4) Scrape the pastry cream into a small bowl and set it in an ice‐water bath to stop the cooking process. Make sure to continue stirring the mixture at this point so that it remains smooth.

    5) Once the cream has reached a temperature of 140 F remove from the ice‐water bath and stir in the butter in three or four installments. Return the cream to the ice‐water bath to continue cooling, stirring occasionally, until it has completely cooled. The cream is now ready to use or store in the fridge.

    1) The pastry cream can be made 2‐3 days in advance and stored in the refrigerator.

    2) In order to avoid a skin forming on the pastry cream, cover with plastic wrap pressed onto the cream.

    3) Tempering the eggs raises the temperature of the eggs slowly so that they do not scramble.

    Chocolate Glaze
    Recipe from Chocolate Desserts by Pierre Hermé
    (makes 1 cup or 300g)

    • 1/3 cup (80g) heavy cream
    • 3½ oz (100g) bittersweet chocolate, finely chopped
    • 4 tsp (20 g) unsalted butter, cut into 4 pieces, at room temperature
    • 7 tbsp (110 g) Chocolate Sauce (recipe below), warm or at room temperature

    1)In a small saucepan, bring the heavy cream to a boil. Remove from the heat and slowly begin to add the chocolate, stirring with a wooden spoon or spatula.

    2) Stirring gently, stir in the butter, piece by piece followed by the chocolate sauce.

    1) If the chocolate glaze is too cool (i.e. not liquid enough) you may heat it briefly
 in the microwave or over a double boiler. A double boiler is basically a bowl sitting over (not touching) simmering water.

    2) It is best to glaze the eclairs after the glaze is made, but if you are pressed for time, you can make the glaze a couple days ahead of time, store it in the fridge and bring it up to the proper temperature (95 to 104 F) when ready to glaze.

    Chocolate Sauce
    Recipe from Chocolate Desserts by Pierre Hermé
    (makes 1½ cups or 525 g)

    • 4½ oz (130 g) bittersweet chocolate, finely chopped
    • 1 cup (250 g) water
    • ½ cup (125 g) crème fraîche, or heavy cream
    • 1/3 cup (70 g) sugar

    1) Place all the ingredients into a heavy‐bottomed saucepan and bring to a boil, making sure to stir constantly. Then reduce the heat to low and continue stirring with a wooden spoon until the sauce thickens.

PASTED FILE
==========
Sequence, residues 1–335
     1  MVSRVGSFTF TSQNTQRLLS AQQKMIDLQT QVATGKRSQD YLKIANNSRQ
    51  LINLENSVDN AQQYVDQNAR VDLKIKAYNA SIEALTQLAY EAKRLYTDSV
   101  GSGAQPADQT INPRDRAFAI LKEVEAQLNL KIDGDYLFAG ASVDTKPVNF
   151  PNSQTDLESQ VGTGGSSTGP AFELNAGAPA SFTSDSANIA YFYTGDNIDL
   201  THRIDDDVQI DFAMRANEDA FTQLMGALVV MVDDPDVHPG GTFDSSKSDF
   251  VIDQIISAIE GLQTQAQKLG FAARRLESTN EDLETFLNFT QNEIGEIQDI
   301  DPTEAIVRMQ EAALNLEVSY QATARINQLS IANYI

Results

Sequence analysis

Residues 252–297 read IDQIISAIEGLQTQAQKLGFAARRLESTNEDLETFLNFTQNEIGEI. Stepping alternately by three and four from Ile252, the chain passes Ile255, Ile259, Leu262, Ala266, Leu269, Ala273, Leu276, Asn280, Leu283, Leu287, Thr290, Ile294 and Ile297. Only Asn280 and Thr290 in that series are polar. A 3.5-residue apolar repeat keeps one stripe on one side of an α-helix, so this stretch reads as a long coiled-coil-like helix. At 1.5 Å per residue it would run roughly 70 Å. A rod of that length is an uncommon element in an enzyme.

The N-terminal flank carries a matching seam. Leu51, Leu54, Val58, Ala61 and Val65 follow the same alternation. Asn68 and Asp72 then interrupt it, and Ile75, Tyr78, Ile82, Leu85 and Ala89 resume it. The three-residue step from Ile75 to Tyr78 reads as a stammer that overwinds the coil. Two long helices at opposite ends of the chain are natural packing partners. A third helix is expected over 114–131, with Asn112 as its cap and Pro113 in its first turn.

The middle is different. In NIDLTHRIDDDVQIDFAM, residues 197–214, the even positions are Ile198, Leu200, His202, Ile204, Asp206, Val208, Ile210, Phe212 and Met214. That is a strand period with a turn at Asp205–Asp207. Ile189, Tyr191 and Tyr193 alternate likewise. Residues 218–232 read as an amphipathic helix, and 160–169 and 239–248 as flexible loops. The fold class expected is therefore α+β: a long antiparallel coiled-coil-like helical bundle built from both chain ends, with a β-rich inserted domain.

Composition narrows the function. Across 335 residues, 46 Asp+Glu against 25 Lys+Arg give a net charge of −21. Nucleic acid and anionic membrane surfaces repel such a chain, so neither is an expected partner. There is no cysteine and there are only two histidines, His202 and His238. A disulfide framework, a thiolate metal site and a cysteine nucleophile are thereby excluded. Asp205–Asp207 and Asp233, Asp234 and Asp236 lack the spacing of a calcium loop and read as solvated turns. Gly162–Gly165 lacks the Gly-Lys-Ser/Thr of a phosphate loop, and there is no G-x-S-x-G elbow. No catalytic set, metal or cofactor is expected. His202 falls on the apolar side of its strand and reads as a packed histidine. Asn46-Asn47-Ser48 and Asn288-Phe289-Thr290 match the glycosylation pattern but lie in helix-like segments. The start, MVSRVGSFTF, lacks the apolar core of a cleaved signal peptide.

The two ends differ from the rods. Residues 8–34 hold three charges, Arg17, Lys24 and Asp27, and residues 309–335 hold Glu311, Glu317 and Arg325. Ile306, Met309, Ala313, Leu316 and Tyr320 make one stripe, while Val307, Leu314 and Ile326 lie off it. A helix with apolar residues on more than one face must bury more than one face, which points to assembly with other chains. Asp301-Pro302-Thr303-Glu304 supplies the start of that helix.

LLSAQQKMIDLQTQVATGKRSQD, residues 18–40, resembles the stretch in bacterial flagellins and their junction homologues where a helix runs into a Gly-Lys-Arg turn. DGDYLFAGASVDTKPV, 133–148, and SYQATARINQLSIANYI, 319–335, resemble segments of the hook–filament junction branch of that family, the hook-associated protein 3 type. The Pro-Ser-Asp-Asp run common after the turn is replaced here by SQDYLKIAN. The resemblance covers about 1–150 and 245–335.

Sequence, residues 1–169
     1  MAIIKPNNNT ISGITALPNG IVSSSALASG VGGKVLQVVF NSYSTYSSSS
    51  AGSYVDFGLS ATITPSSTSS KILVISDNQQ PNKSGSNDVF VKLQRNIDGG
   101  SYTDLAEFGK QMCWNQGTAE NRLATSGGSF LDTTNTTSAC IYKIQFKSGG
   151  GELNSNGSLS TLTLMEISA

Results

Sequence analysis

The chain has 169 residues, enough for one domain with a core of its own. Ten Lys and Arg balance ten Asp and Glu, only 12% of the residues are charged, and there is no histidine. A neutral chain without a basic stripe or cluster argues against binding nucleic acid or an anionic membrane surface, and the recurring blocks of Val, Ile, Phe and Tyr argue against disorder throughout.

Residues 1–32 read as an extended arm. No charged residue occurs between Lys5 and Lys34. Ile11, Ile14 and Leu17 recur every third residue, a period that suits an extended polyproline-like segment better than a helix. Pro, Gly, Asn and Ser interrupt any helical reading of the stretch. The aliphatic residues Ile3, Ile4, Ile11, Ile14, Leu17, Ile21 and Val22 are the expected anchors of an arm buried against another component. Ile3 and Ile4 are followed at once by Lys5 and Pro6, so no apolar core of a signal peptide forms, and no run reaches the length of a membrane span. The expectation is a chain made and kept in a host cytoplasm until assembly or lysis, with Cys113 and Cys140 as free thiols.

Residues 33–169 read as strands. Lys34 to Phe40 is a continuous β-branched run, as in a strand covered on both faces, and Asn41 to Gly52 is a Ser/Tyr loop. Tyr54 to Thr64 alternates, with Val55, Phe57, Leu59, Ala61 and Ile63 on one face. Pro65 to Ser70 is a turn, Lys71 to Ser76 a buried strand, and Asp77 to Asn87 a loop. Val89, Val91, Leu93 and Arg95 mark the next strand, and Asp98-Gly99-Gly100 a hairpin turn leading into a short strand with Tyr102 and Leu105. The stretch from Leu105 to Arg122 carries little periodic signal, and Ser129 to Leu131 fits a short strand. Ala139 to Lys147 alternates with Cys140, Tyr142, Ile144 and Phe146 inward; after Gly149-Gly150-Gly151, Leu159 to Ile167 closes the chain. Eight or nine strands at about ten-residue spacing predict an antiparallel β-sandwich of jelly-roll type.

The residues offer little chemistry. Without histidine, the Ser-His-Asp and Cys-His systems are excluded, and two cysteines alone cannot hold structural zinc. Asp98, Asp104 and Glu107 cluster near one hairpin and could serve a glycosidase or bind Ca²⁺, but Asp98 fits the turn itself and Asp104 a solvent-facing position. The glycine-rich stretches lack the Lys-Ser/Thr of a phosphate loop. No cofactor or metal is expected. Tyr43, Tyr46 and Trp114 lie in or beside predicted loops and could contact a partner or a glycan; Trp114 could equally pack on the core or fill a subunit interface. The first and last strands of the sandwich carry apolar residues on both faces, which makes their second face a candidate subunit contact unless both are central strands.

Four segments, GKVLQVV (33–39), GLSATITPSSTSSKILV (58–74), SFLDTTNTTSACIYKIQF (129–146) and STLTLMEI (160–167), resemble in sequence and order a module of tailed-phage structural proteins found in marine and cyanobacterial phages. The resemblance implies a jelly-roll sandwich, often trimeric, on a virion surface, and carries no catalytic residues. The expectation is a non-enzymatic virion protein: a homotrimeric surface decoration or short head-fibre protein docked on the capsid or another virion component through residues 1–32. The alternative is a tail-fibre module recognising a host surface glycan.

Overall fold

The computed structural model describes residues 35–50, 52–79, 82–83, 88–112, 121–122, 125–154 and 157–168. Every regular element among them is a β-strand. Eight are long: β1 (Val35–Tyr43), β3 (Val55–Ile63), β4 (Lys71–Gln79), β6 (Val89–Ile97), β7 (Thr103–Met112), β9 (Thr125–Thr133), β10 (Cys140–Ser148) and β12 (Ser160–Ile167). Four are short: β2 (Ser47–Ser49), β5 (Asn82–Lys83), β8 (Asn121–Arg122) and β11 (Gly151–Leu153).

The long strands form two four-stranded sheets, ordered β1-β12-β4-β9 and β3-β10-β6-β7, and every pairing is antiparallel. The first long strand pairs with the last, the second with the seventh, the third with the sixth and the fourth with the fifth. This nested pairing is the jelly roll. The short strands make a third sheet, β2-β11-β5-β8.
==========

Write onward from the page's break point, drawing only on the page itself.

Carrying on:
2) It may take 10‐15 minutes for the sauce to thicken, but you will know when it is done when it coats the back of your spoon.

    1) You can make this sauce ahead of time and store it in the refrigerator for two weeks. Reheat the sauce in a microwave oven or a double boiler before using.
    2) This sauce is also great for cakes, ice-cream and tarts.

    *****I can't leave a comment (must be logged on?) but this little snake eclair is dang near the cutest thing I've ever seen.

  • Operation Baking Gals Mission #2 Rice Krispies Treats

    >> Tuesday, August 26, 2008

    Who wants Rice Krispies Treats? Well, it doesn't really matter who wants 'em - they're going to a group of soldiers stationed in Mosul.

    I made three batches; 2 plain and 1 peanut butter. The plain recipe is here at the official Kellogg's site and the peanut butter one is here at Christmas-Cookies.com. The idea to do Rice Krispies Treats came from a list of recipes for treats that "travel well" that I found here at Baking Delights.

    The only changes I made were to use an 8x8 pan for thicker treats and I doubled the amount of peanut butter in the second recipe. In hindsight I wish I had tripled it - was really hoping for a more intense PB flavor. Also, if you decide to use this recipe be sure to check the weight of your bag of marshmallows - mine was a full pound!

    To learn more about this particular mission please visit my host Anna @ Maybe Just a Little Bite ... or to find out about the Operation in general go here to the official Baking Gals blog sponsored by Susan of She's Becoming Doughmesstic.


    Monochromatic Lunches Are The New Black

    >> Monday, August 25, 2008

    Have I mentioned I love hot dogs? Oh, yeah, guess so.

    1. hot dog
    2. potato salad
    3. carrots
    4. fudge-filled marshmallow


    Cubans & Clafoutis

    >> Sunday, August 24, 2008

    1. Cubanesque sandwich